One widely used interpreter software and page description language used in a system such as that described in FIG. 1B is the Adobe Postscript Interpreter and its corresponding Postscript language. As currently implemented, the Postscript Interpreter does not allow access to its data while it is being processed by the Postscript Interpreter. Consequently, if a user employs Postscript Interpreter software they are unable to perform object oriented post-interpretation image processing operations since the data is no longer in object oriented form. Alternatively, if a user chooses not to employ the Postscript Interpreter they are left with the undesirable and non-trivial task of re-engineering a new interpreter software tool.
The present invention is a method and system for intercepting the marking requests and associated low level data (formatted according to the interpreter software) and reconstructing it into a higher level object oriented display list usable by a graphics management software tool other than the interpreter software tool. Referring to FIG. 2, page description 4 is coupled to interpreter software 21. As previously described in conjunction with the prior art implementation shown in FIG. 1B, the interpreter transmits marking requests and associated low level pixel data to a frame buffer for each object. However, in the system and method of the present invention, the marking requests are routed to glue code 23 of the present invention. A marking request at this point in the processing sequence is in a format unique to the interpreter code associated software language.
Glue code 23 performs several functions. First it sends receipt acknowledgment signals back to interpreter software 21. The acknowledgment signals sent by the glue code are the same as the acknowledgment signals that the marking software 13b transfers in the prior art system shown in FIG. 1B. Consequently, the interpreter software thinks that it is communicating with the marking software. Glue code 23 also accumulates state history from the marking requests such as, the type of data encoded in the marking request, when each marking request occurred, and the order in which the requests occurred. The glue code 23 uses the accumulated state history to process each marking request and its associated data to re-construct it into a high level object oriented data description 24 (in a second format) corresponding to each object. This re-constructed object description is stored in an object oriented display list 25.
The object oriented description data stored in display list 25 is in a new format such that it may be processed by subsequent image processing software/hardware stages 26 to further enhance object data. In other words, the new formatted data at this point in the processing sequence is unique to the subsequent image processing software language. Image processing stages 26, also converts the object description data it has processed into low level pixel data 27 which may be used to drive display device engine 28.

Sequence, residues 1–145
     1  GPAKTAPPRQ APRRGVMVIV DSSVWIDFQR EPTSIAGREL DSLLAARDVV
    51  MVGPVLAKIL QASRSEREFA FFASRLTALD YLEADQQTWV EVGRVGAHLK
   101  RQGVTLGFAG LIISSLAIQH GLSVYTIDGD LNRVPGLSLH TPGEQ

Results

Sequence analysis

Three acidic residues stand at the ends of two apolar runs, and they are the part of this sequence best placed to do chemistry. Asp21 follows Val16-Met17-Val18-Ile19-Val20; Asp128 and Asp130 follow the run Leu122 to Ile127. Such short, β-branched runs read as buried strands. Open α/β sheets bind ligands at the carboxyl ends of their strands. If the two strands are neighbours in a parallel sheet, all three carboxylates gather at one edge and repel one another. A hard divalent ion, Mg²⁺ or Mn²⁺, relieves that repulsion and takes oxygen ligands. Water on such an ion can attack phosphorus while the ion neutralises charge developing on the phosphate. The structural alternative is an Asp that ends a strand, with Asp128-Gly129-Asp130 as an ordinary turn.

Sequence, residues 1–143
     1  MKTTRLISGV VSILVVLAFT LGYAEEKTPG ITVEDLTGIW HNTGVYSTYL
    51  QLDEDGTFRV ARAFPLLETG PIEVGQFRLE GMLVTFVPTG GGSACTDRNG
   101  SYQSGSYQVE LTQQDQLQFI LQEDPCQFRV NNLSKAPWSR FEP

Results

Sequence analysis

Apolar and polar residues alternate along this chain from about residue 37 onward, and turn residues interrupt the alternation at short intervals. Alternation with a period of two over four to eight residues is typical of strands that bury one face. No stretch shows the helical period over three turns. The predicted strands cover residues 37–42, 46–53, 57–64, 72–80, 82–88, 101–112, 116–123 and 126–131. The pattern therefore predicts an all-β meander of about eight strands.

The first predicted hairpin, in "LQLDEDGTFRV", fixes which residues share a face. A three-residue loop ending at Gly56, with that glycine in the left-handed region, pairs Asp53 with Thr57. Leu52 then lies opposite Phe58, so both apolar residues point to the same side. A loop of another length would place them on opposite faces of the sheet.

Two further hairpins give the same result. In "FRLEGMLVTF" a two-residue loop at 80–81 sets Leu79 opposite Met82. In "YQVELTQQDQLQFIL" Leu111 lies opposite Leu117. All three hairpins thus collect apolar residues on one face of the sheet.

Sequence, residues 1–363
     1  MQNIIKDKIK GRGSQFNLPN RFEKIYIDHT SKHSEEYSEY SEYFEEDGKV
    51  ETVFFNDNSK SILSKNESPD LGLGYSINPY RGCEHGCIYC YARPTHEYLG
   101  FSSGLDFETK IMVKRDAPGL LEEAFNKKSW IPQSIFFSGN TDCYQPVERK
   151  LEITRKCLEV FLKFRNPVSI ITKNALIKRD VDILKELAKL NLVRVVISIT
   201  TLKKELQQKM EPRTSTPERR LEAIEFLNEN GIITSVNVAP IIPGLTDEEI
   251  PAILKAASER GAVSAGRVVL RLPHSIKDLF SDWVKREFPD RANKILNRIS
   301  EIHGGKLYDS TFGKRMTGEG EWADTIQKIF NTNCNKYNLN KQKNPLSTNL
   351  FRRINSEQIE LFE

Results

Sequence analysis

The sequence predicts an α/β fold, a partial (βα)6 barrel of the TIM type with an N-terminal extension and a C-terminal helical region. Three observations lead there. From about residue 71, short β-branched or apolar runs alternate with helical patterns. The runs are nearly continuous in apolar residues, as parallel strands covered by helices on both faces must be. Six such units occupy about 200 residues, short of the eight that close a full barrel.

The steps of method of the present invention are shown in FIG. 3 beginning with a current marking request being routed (block 30) to the glue code 23 (FIG. 2) of the present invention instead of to the marking software 13b (FIG. 1B). Once the marking request is routed to the glue code, the glue code performs several functions. First, the glue code transmits a marking request acknowledgment signal back to the interpreter software (block 31). The acknowledgment signal sent by the glue code has the same format as an acknowledgment signal sent by the marking software so as to make it appear to the interpreter that the marking software is acknowledging receipt of the marking request. The glue code also interprets the current marking request to obtain state information (block 32) and then combines this information with previously acquired state information (block 33). In addition, the glue code interprets the marking request and its associated encoded low level object data along with the accumulated state history to reconstruct the current marking request into a high level display list object description having a second format (block 34). After generating the display list description it is written into a display list storage area (block 35) which is subsequently accessed and processed by an imaging software (block 36). After processing, the imaging software converts the processed display list descriptions into pixel data suitable for driving a display device (block 37).
Although the elements of the present invention have been described in conjunction with certain embodiments, it is appreciated that the invention can be implemented in a variety of other ways. Consequently, it is to be understood that the particular embodiments shown and described by way of illustration are in no way intended to be considered limiting. Reference to the details of these embodiments is not intended to limit the scope of the claims which themselves recite only those features regarded as essential to the invention.
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|U.S. Classification||345/620, 715/211, 715/205, 719/323, 715/273, 715/206|
|Jun 6, 1995||AS||Assignment|
Owner name: APPLE COMPUTER, INC., CALIFORNIA
Free format text: ASSIGNMENT OF ASSIGNORS INTEREST;ASSIGNOR:LHOTAK, VLADIMIR;REEL/FRAME:007535/0321
Effective date: 19950605
|Mar 1, 2001||FPAY||Fee payment|
Year of fee payment: 4
|Feb 23, 2005||FPAY||Fee payment|
Year of fee payment: 8
|Apr 24, 2007||AS||Assignment|
Owner name: APPLE INC., CALIFORNIA
Free format text: CHANGE OF NAME;ASSIGNOR:APPLE COMPUTER, INC.;REEL/FRAME:019235/0583
Effective date: 20070109
Owner name: APPLE INC.,CALIFORNIA
Free format text: CHANGE OF NAME;ASSIGNOR:APPLE COMPUTER, INC.;REEL/FRAME:019235/0583
Effective date: 20070109
|Feb 18, 2009||FPAY||Fee payment|
Year of fee payment: 12